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May 13 2011


Mapping the Japan Earthquake to Help Recovery Efforts

In the days following the earthquake in Japan, members of the Business Civic Leadership Center pledged more than $240 million to aid response and recovery efforts. Their challenge was to figure out how to dispense that money to the projects and people who needed it most. To help them visualize the scope of the disaster and identify the areas that were most affected, we developed an interactive map of the aftershocks felt at more than magnitude 5.0 in the days after the initial 9.0 quake.

Interactive maps like this are great for communicating a lot of information quickly and putting information in context -- in this case, the impact of an earthquake that happened halfway around the world. With the increasing availability of open data sets and new mapping technologies, it's now much easier -- and cheaper -- to build maps like this.

We built this map using the open-source map design studio TileMill, a free tool that we've written about before that allows you to create custom maps using your own data, and open data released by the United States Geological Survey.

Below is a walk-through of how we built this map and details on how you can build your own interactive map using open data and TileMill.

Finding the Data

The U.S. Geological Survey publishes data feeds of recent earthquake readings in a variety of formats. The feeds are geocoded so you can plot the epicenters of each report using longitude and latitude coordinates. For this map, we converted the RSS feed of 5.0-plus magnitude earthquakes over seven days to a shapefile and used TileMill to style the data and add interactivity. You could also download the KML feeds and load them into TileMill directly.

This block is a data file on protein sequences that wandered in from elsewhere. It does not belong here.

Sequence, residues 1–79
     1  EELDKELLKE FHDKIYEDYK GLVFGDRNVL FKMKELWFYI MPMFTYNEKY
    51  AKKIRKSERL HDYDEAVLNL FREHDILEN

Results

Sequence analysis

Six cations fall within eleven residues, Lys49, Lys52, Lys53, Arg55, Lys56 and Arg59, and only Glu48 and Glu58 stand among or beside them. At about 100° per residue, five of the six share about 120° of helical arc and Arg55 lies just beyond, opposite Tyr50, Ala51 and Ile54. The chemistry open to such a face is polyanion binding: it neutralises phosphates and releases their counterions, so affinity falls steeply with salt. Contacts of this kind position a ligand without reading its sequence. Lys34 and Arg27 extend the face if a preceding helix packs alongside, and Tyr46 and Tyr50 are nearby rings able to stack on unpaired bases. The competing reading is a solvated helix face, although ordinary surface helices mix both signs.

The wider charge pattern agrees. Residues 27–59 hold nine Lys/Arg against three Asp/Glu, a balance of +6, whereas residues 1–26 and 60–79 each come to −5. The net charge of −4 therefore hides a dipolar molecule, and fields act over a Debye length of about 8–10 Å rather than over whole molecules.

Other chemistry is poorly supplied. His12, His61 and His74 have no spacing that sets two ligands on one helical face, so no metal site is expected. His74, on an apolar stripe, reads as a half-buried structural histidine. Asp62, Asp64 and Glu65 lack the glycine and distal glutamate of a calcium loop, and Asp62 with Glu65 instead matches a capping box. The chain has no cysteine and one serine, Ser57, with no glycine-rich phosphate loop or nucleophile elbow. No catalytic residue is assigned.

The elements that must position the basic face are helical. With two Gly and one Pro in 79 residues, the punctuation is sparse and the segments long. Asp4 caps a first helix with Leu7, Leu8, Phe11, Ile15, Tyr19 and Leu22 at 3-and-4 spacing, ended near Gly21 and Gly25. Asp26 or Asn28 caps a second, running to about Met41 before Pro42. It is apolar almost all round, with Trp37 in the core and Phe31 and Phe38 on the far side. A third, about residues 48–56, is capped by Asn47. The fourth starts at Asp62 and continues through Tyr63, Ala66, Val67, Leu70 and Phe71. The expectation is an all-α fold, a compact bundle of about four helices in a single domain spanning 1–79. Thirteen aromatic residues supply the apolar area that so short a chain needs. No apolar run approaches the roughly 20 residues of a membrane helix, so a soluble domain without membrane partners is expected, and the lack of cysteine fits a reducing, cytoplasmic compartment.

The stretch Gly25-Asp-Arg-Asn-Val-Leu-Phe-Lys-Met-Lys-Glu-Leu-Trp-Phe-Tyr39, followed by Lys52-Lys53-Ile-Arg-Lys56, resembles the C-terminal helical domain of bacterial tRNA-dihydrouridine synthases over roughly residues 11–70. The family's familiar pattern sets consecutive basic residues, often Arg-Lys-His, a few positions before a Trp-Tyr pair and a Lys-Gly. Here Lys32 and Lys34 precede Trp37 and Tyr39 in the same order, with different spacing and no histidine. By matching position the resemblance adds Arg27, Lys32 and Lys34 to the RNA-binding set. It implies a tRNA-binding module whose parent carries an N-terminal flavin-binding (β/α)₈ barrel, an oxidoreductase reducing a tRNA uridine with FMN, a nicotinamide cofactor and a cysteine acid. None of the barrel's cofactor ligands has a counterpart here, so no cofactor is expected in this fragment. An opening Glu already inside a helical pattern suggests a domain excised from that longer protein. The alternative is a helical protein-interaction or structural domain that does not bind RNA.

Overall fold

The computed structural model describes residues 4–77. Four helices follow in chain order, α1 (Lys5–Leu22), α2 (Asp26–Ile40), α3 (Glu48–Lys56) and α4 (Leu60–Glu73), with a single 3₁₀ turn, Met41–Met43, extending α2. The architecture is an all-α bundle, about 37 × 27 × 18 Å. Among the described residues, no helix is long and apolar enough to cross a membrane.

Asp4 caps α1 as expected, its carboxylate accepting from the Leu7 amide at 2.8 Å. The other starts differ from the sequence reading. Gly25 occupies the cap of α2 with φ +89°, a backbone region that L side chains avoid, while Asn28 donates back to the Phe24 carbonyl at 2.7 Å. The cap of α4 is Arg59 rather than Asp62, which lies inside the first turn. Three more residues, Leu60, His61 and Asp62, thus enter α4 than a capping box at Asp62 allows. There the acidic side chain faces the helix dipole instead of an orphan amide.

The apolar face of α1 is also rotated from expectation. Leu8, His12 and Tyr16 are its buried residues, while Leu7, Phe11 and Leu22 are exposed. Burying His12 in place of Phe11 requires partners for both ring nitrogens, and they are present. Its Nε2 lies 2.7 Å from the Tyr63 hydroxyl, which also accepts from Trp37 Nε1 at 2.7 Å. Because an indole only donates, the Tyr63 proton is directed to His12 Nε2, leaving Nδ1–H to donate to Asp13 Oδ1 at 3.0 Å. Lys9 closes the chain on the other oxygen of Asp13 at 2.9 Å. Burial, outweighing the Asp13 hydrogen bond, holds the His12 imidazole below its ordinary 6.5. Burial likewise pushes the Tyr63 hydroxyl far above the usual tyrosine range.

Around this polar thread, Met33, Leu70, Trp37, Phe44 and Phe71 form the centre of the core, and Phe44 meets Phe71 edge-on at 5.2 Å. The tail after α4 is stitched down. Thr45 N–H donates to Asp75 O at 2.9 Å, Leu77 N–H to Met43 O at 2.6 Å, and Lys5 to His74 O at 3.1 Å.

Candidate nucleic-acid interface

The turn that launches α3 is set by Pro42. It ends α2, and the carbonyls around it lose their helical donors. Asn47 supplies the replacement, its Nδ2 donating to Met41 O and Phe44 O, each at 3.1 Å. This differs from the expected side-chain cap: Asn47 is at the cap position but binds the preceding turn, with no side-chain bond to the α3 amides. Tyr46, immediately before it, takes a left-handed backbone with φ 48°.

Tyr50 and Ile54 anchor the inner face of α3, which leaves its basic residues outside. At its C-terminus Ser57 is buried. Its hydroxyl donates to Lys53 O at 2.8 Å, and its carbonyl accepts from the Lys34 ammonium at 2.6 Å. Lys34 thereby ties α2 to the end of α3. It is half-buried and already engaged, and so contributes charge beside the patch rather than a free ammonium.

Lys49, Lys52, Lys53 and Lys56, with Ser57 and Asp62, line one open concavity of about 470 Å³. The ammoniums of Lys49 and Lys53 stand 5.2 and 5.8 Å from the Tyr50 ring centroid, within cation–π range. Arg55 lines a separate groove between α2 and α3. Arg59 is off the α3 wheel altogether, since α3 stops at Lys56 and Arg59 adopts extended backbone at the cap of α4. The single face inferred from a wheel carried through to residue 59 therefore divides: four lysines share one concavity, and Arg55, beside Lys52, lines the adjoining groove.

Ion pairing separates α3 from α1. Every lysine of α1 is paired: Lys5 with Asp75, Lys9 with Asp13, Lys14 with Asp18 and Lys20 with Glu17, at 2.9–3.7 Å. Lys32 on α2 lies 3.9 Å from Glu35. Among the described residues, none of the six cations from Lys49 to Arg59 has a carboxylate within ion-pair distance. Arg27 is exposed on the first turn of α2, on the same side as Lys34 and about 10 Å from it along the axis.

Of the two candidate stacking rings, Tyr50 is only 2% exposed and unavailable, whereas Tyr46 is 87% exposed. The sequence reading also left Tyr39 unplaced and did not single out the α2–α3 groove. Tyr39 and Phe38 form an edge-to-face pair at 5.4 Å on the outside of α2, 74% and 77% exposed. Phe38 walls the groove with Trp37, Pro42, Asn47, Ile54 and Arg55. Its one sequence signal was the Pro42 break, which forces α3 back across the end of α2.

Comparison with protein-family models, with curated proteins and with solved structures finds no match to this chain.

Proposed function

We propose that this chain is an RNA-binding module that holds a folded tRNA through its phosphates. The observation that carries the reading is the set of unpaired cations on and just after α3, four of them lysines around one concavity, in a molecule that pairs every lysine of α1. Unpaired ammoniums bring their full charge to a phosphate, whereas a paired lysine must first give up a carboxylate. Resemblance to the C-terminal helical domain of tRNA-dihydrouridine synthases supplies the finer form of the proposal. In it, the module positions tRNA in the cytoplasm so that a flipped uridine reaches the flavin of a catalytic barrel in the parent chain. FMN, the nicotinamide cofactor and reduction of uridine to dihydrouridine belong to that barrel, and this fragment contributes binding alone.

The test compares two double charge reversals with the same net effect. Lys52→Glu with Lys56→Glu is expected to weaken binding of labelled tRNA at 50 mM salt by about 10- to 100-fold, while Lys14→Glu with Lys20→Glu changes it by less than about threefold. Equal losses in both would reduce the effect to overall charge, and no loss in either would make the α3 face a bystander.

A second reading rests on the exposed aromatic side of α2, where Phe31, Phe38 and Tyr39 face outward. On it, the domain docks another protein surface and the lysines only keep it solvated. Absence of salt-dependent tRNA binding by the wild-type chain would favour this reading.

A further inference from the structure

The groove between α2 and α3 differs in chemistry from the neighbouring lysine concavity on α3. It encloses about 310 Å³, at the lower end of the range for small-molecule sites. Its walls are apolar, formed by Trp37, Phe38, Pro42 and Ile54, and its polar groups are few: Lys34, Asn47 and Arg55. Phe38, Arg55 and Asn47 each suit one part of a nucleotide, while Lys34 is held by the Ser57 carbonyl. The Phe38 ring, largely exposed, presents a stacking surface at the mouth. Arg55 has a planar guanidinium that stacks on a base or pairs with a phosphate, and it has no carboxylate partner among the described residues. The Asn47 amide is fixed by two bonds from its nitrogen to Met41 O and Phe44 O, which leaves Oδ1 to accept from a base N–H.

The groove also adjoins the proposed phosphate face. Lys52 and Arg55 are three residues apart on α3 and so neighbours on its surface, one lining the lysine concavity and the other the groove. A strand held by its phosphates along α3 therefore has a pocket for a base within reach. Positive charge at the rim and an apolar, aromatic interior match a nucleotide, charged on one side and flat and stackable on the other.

In addition to the point-based epicenter data, we used shapefile data of the Shakemap from the initial earthquake, which shows the ground movement and intensity of shaking caused by a seismic event. This layer provides greater context to the impact felt around the epicenter points.

Building the Map

We used TileMill to design the map and apply an interactive "hover" layer, which allows you to show information when you mouse over a point on the map -- in this case, the epicenter of an aftershock. Below is a look at the editing interface in TileMill. For more on how interactivity works in TileMill, check out this blog post from Bonnie.

We then rendered the map to MBTiles, which is an open-file format for storing lots of map tiles and interactivity information in one file. MBTiles can be hosted on the web or displayed offline on mobile devices like the iPad. For this map, we used TileStream Hosting to host the map online. It has an embed feature that let us embed the map on an otherwise static HTML page. The embed code is also publicly available, so others can embed your map on their own site. Check out this article on O'Reilly Radar for an example of this in action. You can make your own embed of this map by clicking on "embed" here.

Adding Advanced Interactivity

By default, the interactivity in TileMill lets you select to have a "hover" or "click" style for interactivity. When you embed your map on a webpage, you can override this default behavior with some client-side code. For this site, we added some CSS styles and used JavaScript to build a timeline based on the dates in the overlays of each interactive point.

Now when you hover over a point on the embedded map, instead of the usual popup, the corresponding element in the timeline expands. This lets users see the relationship between time, space and magnitude an in intuitive way. All the code to make this work is available in the page -- just "view source" to check it out.

You can download TileMill for free here and find more documentation on how to use it at support.mapbox.com.

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